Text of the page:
In coming to this conclusion, the Court noted that the liquidator wrongly disregarded the Receiver and Deltec, both of whom were capable to answer any questions of the liquidator in respect of the assets of the Sub-funds in Receivership. In addition, the Court noted that the liquidation and disbursement of the assets of three of the Sub-funds in Receivership had already been achieved in accordance with the protocol stipulated in the Consent Order. It therefore appeared that the liquidator’s detailed analysis of those assets was unnecessary. As McKay J put it, the liquidator acted “on a frolic of his own” in conducting himself as he did. The liquidator’s application for an order that the costs of the liquidation be paid from assets held by Pacifico in the Sub-funds in Receivership was accordingly dismissed.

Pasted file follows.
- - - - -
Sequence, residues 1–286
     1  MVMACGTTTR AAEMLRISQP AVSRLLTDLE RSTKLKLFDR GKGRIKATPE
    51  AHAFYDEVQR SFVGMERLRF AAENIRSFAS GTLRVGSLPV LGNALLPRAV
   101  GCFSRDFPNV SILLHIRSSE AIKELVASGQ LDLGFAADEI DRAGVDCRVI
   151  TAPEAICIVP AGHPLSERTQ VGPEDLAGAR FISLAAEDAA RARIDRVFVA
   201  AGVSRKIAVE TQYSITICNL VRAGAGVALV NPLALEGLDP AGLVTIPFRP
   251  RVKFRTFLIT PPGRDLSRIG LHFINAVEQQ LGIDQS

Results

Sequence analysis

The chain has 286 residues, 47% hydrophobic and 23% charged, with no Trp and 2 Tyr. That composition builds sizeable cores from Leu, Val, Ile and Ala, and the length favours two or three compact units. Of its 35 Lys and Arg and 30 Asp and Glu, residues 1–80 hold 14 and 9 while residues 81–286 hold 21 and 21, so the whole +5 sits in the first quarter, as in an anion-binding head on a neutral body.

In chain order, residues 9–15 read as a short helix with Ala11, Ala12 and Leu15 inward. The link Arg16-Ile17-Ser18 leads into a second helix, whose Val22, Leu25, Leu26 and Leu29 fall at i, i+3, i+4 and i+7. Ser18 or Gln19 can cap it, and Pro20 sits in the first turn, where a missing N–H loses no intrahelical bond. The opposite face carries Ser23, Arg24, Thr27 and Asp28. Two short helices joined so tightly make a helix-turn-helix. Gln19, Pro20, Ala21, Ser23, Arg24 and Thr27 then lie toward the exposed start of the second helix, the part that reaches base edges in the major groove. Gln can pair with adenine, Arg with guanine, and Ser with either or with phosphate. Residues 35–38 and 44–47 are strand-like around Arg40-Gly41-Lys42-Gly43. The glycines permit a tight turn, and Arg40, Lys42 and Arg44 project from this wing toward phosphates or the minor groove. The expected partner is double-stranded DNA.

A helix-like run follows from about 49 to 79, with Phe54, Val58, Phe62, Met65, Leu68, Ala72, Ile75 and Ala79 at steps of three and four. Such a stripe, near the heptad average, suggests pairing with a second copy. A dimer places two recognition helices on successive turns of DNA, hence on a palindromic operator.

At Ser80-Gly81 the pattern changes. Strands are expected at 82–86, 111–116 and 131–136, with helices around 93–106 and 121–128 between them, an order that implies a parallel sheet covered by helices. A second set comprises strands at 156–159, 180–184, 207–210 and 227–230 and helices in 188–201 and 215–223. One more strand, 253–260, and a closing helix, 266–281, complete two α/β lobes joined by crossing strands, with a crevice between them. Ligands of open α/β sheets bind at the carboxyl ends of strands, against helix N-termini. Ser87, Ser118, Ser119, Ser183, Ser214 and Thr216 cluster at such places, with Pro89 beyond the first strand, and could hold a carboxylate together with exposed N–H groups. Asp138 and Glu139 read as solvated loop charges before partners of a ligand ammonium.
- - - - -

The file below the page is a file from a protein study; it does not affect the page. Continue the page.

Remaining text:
In the second application, Pacifico’s liquidator again sought an order that the costs of the liquidation be paid from assets held by Pacifico which he regarded as “trust assets” but on this occasion the application specifically excluded the assets held by Pacifico in the Sub-funds in Receivership. The specific order sought included an order that the Court formally sanction the liquidator deducting or causing to be deducted from the trust accounts/assets held by Pacifico (excluding assets in the Sub-funds in Receivership) (i) such costs in the liquidation that are solely attributable to the identification, preservation, protection, recovery and distribution and administration of those trust assets and (ii) a percentage of the general liquidation costs (i.e. costs not solely attributable to the trust assets) since the trust assets currently constitute approximately 79% of the assets in Pacifico’s name and the general liquidation costs maintain the liquidation process and thereby enable the liquidator to attend to the trust assets.